The most significant change in the EU VAT system in 2020 was the tightening of the conditions for the application of the Community tax exemption with the ‘ must have EU vat number ‘ criteria, and the proof of exportation of a product to another Member State.
However, a number of questions have been raised, mainly about the interpretation of the Community Regulation. Concerning these issues, the tax authority has published two leaflets, the main points of which are described in this article (Proof of delivery of a product to another Member State for intra-Community supplies from 2020; Conditions for exemption from intra-Community supplies – the latter establishing the obligation to have EU vat number).
Issues related to tax exemption
According to the law, the conditions for the tax-free sales in the Community are as follows:
(1) The product shall be certified as having been shipped to another Member State and shall have been transported by the seller, the buyer or on their behalf.
(2) The goods shall be sold to another person, acting as a taxable person or a non-taxable legal person in a Member State other than that of the dispatch or the departure place of the transport, and the taxable person or non-taxable legal person to whom the sales is supplied shall have a VAT identification number in a Member State other than that of dispatch or departure place of the transport of the goods and communicated this VAT identification number to the seller.
(3) The vendor of the product shall correctly submit his recapitulative statement (“the exemption shall not apply if the taxable person to whom the tax is payable … has failed to fulfill his obligation to submit the recapitulative statement or has done so incorrectly or incompletely”).
In connection with the above, the leaflet sets out two principles (which are more permissive than the first reading of the Directive and Act CXXVII of 2007 on Value Added Tax [VAT Act]).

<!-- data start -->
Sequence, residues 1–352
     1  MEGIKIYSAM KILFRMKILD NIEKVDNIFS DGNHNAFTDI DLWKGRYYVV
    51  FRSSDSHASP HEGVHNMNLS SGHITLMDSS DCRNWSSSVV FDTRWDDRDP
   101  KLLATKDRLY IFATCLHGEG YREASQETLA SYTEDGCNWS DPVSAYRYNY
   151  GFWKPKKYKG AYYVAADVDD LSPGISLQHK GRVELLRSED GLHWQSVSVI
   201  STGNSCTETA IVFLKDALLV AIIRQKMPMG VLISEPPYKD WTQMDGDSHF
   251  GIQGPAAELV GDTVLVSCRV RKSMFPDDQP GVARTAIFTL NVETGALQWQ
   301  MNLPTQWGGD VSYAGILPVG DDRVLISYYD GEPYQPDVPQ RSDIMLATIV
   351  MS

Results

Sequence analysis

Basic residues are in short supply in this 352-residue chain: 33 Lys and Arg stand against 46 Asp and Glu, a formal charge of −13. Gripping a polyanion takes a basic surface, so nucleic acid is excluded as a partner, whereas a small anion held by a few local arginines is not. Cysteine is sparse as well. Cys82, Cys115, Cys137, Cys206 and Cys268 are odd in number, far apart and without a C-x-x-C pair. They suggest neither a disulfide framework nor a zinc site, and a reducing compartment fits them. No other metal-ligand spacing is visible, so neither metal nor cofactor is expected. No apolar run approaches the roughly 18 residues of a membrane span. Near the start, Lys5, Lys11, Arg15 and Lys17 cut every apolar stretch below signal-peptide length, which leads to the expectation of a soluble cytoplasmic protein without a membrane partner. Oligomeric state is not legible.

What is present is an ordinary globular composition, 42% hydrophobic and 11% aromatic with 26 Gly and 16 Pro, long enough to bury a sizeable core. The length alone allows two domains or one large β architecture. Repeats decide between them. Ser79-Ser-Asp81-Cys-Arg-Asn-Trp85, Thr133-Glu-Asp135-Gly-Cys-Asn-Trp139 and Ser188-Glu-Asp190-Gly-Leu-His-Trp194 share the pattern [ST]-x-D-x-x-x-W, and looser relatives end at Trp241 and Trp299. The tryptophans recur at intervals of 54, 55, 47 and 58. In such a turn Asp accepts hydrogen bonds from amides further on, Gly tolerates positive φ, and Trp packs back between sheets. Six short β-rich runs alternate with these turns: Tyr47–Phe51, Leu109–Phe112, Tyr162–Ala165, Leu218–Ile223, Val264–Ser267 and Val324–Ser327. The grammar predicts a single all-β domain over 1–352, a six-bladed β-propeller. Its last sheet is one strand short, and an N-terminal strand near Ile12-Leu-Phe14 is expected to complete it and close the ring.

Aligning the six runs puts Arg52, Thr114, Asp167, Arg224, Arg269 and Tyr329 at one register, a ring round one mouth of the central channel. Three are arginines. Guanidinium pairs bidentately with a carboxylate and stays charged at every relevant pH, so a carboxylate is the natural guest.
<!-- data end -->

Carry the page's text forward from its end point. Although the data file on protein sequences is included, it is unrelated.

The first provision relates to the customer’s EU vat number:
“In the absence of the tax identification number of the buyer in other Member States, or in the absence of the communication thereof, the exemption shall not apply. But provided that the tax identification number is subsequently communicated by the buyer (even after the transaction, and tax number was valid at the time the tax became chargeable) and all other conditions for the tax exemption are met, then the seller may apply for the tax-free treatment of the transaction, subject to any necessary adjustments.”
It is worth pointing out that if the customer’s tax identification number in another Member State is only disclosed to the seller ex post, the transaction can be treated as a tax exemption retroactively, subject to the other conditions for exemption.
Most issues – the new condition in the legislation – were raised by the recapitulative statement as a condition for exemption. The tax office leaflet suggests:
“If the taxable person discovers, before commencing the audit, that the recapitulative statement has not been submitted or is incomplete or incorrect, he may rectify it without further justification.”
The lodging of a summary declaration according to Article 4/A of the VAT Act point I of Annex I is a prerequisite for the treatment of an intra-Community supply of a product as exempt. Where the tax authority finds during an audit that the recapitulative statement has not been submitted or has been incorrectly submitted, it shall provide the taxable person with an opportunity to rectify it, provided that the taxable person certifies that the mistake happened in good faith. If, however, the taxpayer themselves notice the error or deficiency prior to the commencement of the inspection, they may rectify it without further justification.
Proof of delivery of the product
Council Implementing Regulation (CIR) 2018/1912 of 4 December 2018 amending Implementing Regulation (EU) No 282/2011 as regards to certain tax exemptions for intra-Community transactions shall be directly effective and applicable in all Member States from 1 January 2020. This decree was also interpreted by the tax office in a leaflet (Proof of delivery of the product to another Member State in the case of intra-Community supplies from 2020). Three points are worth highlighting: